Care of creation – this quintessentially human vocation is summed up in Eucharistic Prayer D: “You formed us in your own image, giving the whole world into our care, so that, in obedience to you, our Creator, we might rule and serve all your creatures” (BCP, p. 373). Our relationship to the created order is not uncomplicated, however. Sometimes the material world can strike us as alien. Hurricanes overwhelm us. Viral and bacterial infections invade our bodies. Hills slide. Nature is not always obviously our friend.

[su_pullquote align=”right”]Care for creation must never be a substitute for care for people. Nor can care for people be an excuse for environmental degradation[/su_pullquote]

Then again, sometimes our genuine desire to care for creation competes with other urgent goals. For instance, the Episcopal Church has been following Native American resistance in South Dakota to an oil pipeline being routed through sacred tribal land. Meanwhile, Native American tribes dependent on coal mining are hoping that President Trump will reverse President Obama’s curbs on the extraction of coal and gas. In one case, the protection of a fragile eco-system, fraught with spiritual meaning, takes center stage. On the other, economic survival is the major driver. Our own diocese is no stranger to the tension between conservation and economics. For instance, we have experienced passionate disagreement around fracking.

What can we learn from these tensions? Care for creation must never be a substitute for care for people. Nor can care for people be an excuse for environmental degradation. We are rediscovering that love of neighbor includes love of the created order of which we are a part, and love of the created order is deeply connected to our love for one another as human beings. God’s justice demands that we attend to both categories of neighbor at the same time, not as competing claimants but as a single whole. That is to say, caring about restoring wetlands and reforestation is not unrelated to getting jobs for ex-offenders, or extending health care for the poor. Why? Because creation care is about connection. It’s about what we are connected to in our environment, and therefore it’s about how we are connected with each other, as fellow beneficiaries of God’s grace in creating us in the first place.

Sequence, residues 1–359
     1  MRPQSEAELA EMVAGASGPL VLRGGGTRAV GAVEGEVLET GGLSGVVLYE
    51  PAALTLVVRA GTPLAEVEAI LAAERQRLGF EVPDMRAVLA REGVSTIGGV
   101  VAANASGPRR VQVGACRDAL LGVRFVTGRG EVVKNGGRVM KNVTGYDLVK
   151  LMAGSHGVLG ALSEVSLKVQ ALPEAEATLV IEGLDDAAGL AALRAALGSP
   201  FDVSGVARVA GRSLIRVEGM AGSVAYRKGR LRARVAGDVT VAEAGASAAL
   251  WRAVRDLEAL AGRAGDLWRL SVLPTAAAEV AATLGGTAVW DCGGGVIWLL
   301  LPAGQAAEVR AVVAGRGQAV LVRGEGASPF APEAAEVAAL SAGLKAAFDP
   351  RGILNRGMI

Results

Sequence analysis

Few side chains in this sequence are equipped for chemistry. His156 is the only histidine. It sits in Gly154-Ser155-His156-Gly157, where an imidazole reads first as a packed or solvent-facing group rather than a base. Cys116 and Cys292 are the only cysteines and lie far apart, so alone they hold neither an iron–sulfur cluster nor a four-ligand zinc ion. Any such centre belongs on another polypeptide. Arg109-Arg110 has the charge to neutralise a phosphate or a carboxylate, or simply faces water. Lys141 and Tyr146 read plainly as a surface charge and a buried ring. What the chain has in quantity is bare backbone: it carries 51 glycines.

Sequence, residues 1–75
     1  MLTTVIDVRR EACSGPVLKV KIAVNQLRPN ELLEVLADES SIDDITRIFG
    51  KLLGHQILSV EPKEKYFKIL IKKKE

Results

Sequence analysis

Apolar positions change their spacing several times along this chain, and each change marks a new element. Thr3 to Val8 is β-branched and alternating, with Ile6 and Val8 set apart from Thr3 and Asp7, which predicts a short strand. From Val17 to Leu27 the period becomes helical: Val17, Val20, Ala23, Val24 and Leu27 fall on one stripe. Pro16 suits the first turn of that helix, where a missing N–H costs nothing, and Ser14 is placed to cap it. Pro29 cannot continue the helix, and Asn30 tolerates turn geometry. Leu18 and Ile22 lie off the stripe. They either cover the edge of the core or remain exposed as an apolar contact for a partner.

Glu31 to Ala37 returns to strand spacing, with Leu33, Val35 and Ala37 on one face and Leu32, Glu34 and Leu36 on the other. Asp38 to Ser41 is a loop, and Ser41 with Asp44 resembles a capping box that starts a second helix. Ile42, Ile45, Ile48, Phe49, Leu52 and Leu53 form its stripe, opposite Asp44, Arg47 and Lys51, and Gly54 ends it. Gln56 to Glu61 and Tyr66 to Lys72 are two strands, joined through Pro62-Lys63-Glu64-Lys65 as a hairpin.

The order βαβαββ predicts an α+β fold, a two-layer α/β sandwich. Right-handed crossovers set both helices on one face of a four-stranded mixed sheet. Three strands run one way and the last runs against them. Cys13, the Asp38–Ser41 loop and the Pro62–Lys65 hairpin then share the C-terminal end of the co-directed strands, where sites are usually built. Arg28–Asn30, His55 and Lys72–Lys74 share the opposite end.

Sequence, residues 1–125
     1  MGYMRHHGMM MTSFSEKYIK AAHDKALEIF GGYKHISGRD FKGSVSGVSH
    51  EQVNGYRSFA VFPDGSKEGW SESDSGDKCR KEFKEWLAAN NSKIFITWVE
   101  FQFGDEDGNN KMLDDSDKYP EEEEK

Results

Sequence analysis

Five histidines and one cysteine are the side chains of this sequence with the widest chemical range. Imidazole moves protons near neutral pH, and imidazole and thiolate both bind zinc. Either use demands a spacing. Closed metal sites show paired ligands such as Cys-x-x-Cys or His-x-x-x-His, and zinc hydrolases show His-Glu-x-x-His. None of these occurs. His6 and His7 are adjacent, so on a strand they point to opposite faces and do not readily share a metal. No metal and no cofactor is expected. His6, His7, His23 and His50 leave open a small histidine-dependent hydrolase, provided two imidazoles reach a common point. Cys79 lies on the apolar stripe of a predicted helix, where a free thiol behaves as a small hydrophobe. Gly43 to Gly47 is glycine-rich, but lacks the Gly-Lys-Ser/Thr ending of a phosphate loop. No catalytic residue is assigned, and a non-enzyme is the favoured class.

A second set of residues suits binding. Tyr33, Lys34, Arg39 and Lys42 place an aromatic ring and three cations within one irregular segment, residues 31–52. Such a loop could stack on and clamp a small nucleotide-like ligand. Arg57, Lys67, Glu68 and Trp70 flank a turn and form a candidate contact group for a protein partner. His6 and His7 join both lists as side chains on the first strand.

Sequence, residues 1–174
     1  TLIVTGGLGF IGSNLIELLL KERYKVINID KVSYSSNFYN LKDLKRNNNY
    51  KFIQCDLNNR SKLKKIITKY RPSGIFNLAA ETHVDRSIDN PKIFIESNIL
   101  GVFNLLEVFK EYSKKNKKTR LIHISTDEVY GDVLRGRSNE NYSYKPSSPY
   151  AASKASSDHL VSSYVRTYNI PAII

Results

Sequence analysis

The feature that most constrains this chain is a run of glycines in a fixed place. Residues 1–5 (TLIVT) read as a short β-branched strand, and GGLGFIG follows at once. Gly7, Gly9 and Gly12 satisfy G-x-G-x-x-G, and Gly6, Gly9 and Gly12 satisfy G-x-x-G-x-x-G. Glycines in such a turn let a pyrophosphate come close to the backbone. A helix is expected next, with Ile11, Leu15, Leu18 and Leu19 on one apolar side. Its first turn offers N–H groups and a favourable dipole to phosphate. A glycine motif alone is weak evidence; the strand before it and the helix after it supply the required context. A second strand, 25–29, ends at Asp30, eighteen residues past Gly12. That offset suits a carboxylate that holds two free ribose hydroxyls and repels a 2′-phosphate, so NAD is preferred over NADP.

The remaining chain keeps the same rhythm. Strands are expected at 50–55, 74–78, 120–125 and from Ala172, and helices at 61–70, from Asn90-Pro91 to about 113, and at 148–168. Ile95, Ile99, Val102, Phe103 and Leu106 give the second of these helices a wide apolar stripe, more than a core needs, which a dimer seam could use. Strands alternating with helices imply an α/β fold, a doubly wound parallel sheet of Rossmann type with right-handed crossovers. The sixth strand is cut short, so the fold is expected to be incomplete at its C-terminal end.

Mainstream Christianity has always affirmed this, inasmuch as it has said yes to our having bodies and to our being completely grounded in a material universe. We acknowledge the danger that our embodiment exposes us to, and we give thanks for the doctors, nurses, scientists and first responders whose work is to address that danger. But we regard that danger not as something to be escaped from but to be redeemed. The reign of God is about reconciliation, not escape; connection, not separation. So we pray for restored community at every level, from the subatomic to the global. This is why we can offer prayers for healing without implicitly rejecting our bodily vulnerability, and pray for peace without disdaining the dynamics of realpolitik. We are always involved in a complex array of relationships, all of which must be managed in a situation of sin and dysfunction, but all of which can be entrusted to God’s charity.

This year, Easter and Earth Day coincide. This conjunction is an opportunity for us to see how resurrection, care for our fellow humans, and care for the creation go together. Easter offers the promise of a new life, but not a life in isolation. We are raised with Jesus into a deeper engagement with one another forever. But this is not just about the relation of human beings to human beings. It is about human engagement with the whole creation. Love of neighbor includes love for the deer, the spiders, white butterflies, cardinals, muskrats and dandelions (to name a few of the neighbors sharing the Breidenthal home’s narrow footprint).

There is an ancient Easter hymn that brings this home: Salve festa dies, known to most Episcopalians as “Hail thee festival day” (Hymnal 1980, H175). The original Latin text was composed in the sixth century by Venantius Fortunatus. This hymn reflects on nature as she responds to Jesus’ rising from the dead, and in so doing provides a powerful witness to early Christianity’s commitment to creation care. It is, after all, a two-way street: if Easter matters to the natural order, then the natural order should matter to us. What binds them together? Love of neighbor – our connection to one another as members of the human race, and our further connection to the world that God has made.

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The Rt. Rev. Thomas E. Breidenthal is the Bishop of the Diocese of Southern Ohio. Contact him at